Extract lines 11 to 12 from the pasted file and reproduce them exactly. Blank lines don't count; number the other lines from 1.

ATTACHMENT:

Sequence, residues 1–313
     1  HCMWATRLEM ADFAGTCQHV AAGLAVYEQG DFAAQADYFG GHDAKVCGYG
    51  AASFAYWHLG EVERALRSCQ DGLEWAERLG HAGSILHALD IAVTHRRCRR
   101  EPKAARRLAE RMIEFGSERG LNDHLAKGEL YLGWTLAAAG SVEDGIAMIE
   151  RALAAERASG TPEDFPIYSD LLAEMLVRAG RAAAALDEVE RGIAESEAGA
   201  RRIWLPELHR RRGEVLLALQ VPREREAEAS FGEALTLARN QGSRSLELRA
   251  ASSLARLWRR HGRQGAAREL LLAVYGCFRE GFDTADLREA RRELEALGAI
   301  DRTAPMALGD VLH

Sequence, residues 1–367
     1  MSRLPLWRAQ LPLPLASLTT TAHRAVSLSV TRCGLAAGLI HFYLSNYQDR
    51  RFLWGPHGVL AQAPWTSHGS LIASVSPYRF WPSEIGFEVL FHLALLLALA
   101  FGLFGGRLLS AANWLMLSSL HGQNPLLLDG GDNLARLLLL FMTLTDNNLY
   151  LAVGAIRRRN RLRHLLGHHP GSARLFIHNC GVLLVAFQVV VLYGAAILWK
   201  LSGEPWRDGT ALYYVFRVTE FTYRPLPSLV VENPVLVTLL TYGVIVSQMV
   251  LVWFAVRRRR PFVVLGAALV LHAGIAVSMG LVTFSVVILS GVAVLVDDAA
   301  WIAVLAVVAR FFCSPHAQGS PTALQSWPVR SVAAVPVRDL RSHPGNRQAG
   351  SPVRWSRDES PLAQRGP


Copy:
    51  RFLWGPHGVL AQAPWTSHGS LIASVSPYRF WPSEIGFEVL FHLALLLALA
   101  FGLFGGRLLS AANWLMLSSL HGQNPLLLDG GDNLARLLLL FMTLTDNNLY